Media Issues & Debates:

Media Issues & Debates: Media Issues & Debates: - Start

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Media Issues & Debates: - Description

The Effects Model. Media Effects. The media effects / violence in the media issue is probably the most prominent debate.. What . do we know about it?. . . The Uses & Gratifications Model. These are two of the main areas of audience . ID: 445667 Download Presentation

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Media Issues & Debates:




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Presentations text content in Media Issues & Debates:

Slide1

Media Issues & Debates:

The Effects Model

Slide2

Media Effects

The media effects / violence in the media issue is probably the most prominent debate.

What

do we know about it?

Slide3

Slide4

The Uses & Gratifications Model

These are two of the main areas of audience

theory.

They are quite different in their outlook and stance.

You will need to know these two models well for your exam. What are the fundamental differences between the two?

Slide5

The Effects Model

You may see it referred to as the Hypodermic Syringe or Silver Bullet theory. These are the GCSE names!

Time to draw.

Watch…

Slide6

The Effects Model

The

Effects Model began in conjunction with the emergence of

radio as a powerful media tool in the early 20th Century

.

Orson Welles

Slide7

The ability to confuse audiences en masse may have first become obvious as a result of one of the most infamous mistakes in history. It happened the day before Halloween, on Oct. 30, 1938, when millions of Americans tuned in to a popular radio program that featured plays directed by, and often starring, Orson Welles. The performance that evening was an adaptation of the science fiction novel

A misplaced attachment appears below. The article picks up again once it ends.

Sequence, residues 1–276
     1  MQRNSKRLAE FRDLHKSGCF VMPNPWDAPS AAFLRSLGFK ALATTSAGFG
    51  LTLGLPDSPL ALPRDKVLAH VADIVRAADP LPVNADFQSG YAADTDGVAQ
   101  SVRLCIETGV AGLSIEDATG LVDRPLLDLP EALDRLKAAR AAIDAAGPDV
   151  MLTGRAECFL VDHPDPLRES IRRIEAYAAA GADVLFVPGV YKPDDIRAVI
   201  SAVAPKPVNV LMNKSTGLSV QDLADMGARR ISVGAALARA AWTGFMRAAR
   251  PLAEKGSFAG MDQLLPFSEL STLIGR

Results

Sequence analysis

The War of the Worlds

, about a Martian invasion of the earth. But in adapting the book for a radio play, Welles made an important change: under his direction the play was written and performed so it would sound like a news broadcast about an invasion from Mars, a technique that, presumably, was intended to heighten the dramatic effect.

Slide8

As the play unfolded, dance music was interrupted a number of times by fake news bulletins reporting that a "huge flaming object" had dropped on a farm near Grovers Mill, New Jersey. As members of the audience sat on the edge of their collective seat, actors playing news announcers, officials and other roles one would expect to hear in a news report, described the landing of an invasion force from Mars and the destruction of the United States. The broadcast also contained a number of explanations that it was all a radio play, but if members of the audience missed a brief explanation at the beginning, the next one didn't arrive until 40 minutes into the program.

Slide9

At one point in the broadcast, an actor in a studio, playing a newscaster in the field, described the emergence of one of the aliens from its spacecraft. "Good heavens, something's wriggling out of the shadow like a gray snake," he said, in an appropriately dramatic tone of voice. "Now it's another one, and another. They look like tentacles to me. There, I can see the thing's body. It's large as a bear and it glistens like wet leather. But that face. It...it's indescribable. I can hardly force myself to keep looking at it. The eyes are black and gleam like a serpent. The mouth is V-shaped with saliva dripping from its rimless lips that seem to quiver and pulsate....The thing is raising up. The crowd falls back. They've seen enough. This is the most extraordinary experience. I can't find words. I'm pulling this microphone with me as I talk. I'll have to stop the description until I've taken a new position. Hold on, will you please, I'll be back in a minute.”